How checking accounts work
- You deposit money into your account. You can do that by visiting a bank or using an ATM.
- If you get regular checks from work or Social Security, you can arrange to have that check sent directly to your account. That is called “direct deposit.” Your check is sent right to your account. It’s free and saves you time.
- You take money out by writing checks or by getting cash from the ATM. You can also use a “debit card” to make payments at stores and gas stations. Some people like to have the bank pay their bills for them (called “automatic deduction”).
- The bank keeps track every day of how much money is left in your account (your “balance”). You need to make sure the money is there before you try to spend it. You can keep track using a check register.
- If you try to write a check for more money than there is in your account, that check will “bounce” which means it is sent back to you without being paid. Your bank will charge you for having ”insufficient funds” unless you have signed up for “overdraft protection.”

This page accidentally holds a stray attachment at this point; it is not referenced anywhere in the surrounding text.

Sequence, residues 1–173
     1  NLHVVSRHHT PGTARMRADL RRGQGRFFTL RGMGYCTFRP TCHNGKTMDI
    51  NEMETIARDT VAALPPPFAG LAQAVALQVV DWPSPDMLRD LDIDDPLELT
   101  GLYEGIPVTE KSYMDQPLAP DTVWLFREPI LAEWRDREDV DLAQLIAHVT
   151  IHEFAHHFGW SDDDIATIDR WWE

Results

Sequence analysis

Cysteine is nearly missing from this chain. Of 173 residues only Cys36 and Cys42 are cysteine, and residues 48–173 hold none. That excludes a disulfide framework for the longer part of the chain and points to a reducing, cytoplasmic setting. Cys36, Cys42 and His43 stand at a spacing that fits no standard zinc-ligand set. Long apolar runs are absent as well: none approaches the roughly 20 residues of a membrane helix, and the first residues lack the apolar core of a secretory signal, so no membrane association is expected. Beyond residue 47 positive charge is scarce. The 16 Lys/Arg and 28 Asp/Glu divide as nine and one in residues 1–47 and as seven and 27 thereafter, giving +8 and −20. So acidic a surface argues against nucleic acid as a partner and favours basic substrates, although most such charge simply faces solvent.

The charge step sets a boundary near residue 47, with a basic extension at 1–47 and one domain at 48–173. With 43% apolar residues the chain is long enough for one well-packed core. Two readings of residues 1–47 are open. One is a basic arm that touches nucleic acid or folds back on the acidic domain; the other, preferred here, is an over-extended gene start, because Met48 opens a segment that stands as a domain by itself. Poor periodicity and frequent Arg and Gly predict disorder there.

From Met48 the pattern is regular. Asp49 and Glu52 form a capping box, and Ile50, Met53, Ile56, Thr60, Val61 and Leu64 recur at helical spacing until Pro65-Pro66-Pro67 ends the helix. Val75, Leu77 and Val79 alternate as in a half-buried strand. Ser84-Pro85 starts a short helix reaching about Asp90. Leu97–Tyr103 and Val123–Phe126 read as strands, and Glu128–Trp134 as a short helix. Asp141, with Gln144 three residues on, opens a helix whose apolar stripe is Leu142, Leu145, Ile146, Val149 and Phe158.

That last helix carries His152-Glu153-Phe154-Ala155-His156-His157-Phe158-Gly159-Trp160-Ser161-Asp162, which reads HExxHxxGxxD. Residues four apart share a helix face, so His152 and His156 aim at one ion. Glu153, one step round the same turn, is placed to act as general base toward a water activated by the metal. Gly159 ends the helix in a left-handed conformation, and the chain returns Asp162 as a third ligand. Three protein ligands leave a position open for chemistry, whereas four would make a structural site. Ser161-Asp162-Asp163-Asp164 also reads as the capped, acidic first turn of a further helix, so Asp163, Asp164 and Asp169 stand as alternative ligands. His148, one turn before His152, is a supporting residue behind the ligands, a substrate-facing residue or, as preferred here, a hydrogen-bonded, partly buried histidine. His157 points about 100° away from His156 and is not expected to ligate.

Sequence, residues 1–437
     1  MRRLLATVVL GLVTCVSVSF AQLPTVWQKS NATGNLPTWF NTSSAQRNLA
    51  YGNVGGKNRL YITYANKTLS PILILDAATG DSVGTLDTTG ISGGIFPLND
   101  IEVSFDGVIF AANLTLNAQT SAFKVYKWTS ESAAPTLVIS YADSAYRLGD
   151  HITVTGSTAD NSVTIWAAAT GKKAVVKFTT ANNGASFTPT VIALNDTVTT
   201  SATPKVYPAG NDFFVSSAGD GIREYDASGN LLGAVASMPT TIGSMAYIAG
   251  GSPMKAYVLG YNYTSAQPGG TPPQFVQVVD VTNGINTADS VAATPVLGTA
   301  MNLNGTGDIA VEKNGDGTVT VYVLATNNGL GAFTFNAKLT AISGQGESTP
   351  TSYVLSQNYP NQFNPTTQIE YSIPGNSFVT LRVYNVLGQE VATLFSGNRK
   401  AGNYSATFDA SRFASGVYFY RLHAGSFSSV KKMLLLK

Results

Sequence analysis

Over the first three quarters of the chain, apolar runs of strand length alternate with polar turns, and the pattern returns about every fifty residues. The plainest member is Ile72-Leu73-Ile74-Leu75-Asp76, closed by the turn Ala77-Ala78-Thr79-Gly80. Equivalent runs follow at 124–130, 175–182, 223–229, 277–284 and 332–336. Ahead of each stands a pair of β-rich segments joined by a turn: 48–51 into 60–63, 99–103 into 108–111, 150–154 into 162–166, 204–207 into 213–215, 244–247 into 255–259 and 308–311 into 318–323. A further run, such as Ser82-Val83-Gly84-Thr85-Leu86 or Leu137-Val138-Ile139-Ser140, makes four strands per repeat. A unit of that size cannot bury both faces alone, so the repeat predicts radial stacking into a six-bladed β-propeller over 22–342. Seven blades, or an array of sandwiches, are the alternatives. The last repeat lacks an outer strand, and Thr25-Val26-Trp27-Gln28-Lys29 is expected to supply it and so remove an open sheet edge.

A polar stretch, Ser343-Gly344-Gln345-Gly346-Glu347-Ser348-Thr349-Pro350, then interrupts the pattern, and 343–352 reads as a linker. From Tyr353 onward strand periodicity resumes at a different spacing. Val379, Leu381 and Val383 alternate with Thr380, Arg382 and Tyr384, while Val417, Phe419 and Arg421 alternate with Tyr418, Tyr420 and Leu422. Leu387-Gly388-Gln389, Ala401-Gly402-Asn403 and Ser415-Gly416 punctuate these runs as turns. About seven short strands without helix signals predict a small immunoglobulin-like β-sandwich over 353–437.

- Each month your bank will send you a list of the activity (deposits and withdrawals) that you have made.
You can use your statement to keep track of what you are spending your money on for your monthly saving and spending plan. Click here to see a sample statement.
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